As can be readily appreciated, a more robust, but more difficult to locate partial QueryID may simply specify the element “;14”. Because of the use of attributes, the identifier for element 14 is unique to the hierarchy, whereby a search (e.g., breadth first) will locate this element wherever it is located in the hierarchy. Other options the test developer has may include some parents to help locate the element, e.g., “;1;14” (identifiers 3, 5 and 11 are missing) or “;1;3;14” (identifiers 5 and 11 are missing). One or more intermediate parents may be skipped, e.g., “;5;14” (identifiers 1, 3 and 11 are missing).
Turning to consideration of determining and generating a QueryID, consider an example that allows access to the “File” menu on the well-known Microsoft® Notepad application program. In one implementation, a record and playback framework provides a tester with a built-in Inspector by selecting an appropriate icon or the like. Then, the tester identifies the UI element by hovering over it with the mouse, whereby a tool tip or the like may appear with the details. For example,
In this example, the third line in the tool tip 440 starts with QueryId: and continues:
Most of the time, this is all of the information that the tester needs, providing a QueryID that allows the record and playback framework to access this UI element. Rather than re-type the QueryID, the tester may click on the tool tip to close it, which saves a copy of the QueryID in a UI Elements window of the record and playback framework.
In the example above, clicking on the tool tip window to close it also adds the following entry in the UI Element window on the record and playback framework.
Clicking on this entry fills in a details window 550 below the UI Element window, as generally represented in
Essentially, when recording, the record and playback framework will, for example, catch a mouse click on a target element, and obtain the information about that target element to generate a target identifier for that element. The record and playback framework will then go to the parent, up to the top of the hierarchy, (e.g., the Hwnd of the top window for using a Win32 search to find at least the window). Using the above rules for generating meaningful element identifiers, a QueryID is generated, e.g., using a caption name and classname for the window. An MSAA name may be used in the event a caption name is not available.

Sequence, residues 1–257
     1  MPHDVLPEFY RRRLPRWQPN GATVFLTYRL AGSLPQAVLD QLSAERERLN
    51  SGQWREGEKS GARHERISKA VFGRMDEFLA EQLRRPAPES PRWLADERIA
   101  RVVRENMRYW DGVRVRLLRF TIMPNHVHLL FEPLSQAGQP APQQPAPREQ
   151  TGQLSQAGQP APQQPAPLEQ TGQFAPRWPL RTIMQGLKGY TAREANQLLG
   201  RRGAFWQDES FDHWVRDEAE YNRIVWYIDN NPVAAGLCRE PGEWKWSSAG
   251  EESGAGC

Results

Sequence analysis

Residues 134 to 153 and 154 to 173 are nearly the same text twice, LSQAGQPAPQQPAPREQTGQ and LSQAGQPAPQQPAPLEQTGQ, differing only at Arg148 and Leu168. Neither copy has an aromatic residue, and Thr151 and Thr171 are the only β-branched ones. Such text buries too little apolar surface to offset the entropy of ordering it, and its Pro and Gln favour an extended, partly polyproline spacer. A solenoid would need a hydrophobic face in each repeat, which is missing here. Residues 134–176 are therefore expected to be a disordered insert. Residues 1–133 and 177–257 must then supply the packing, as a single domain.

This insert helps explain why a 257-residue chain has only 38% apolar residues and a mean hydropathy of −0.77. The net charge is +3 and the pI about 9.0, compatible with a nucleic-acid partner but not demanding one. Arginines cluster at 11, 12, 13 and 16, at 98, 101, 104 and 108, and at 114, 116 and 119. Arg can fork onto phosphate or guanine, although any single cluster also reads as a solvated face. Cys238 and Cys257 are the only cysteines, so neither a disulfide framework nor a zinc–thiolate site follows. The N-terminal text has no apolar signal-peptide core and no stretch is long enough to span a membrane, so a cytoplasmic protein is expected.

In most situations, the simple QueryID described above works adequately. However, there are situations when the tester has to modify the QueryID to increase performance, work around bugs, and so forth. To demonstrate such situations, other examples are provided below.
More particularly, QueryElement attributes modify the effects of QueryElements by redirecting the source of the condition, state or identify a relationship between elements. These are often required, such as when the Name property came from (Windows, MSAA, UIA).
There are three general types of attributes [ ] which are currently supported by the record and playback framework as part of a QueryElement, namely type of search, navigational, and state.
The first Query Defaults to using the [Window] query mechanism, which is done for performance reasons. The remaining queries Default to [MSAA] in code generated for the MSAA Playback DLL, and defaults to [UIA] for the UIA playback DLL. Note that Win32 searches are typically faster, and even when searching an MSAA search, the Win32 tree may be searched first by default to find the window, after which the MSAA tree for that window is searched). The attribute [MSAA] can be used to specify that an MSAA search be used, e.g., . . . [MSAA] name=‘MenuBar’, or . . . [Window] name=‘MenuBar’.
Navigational—[NextTo] and [ChildOf]
Navigation attributes are used to specify a relationship between controls:
By default, each Query is the descendant of the previous query: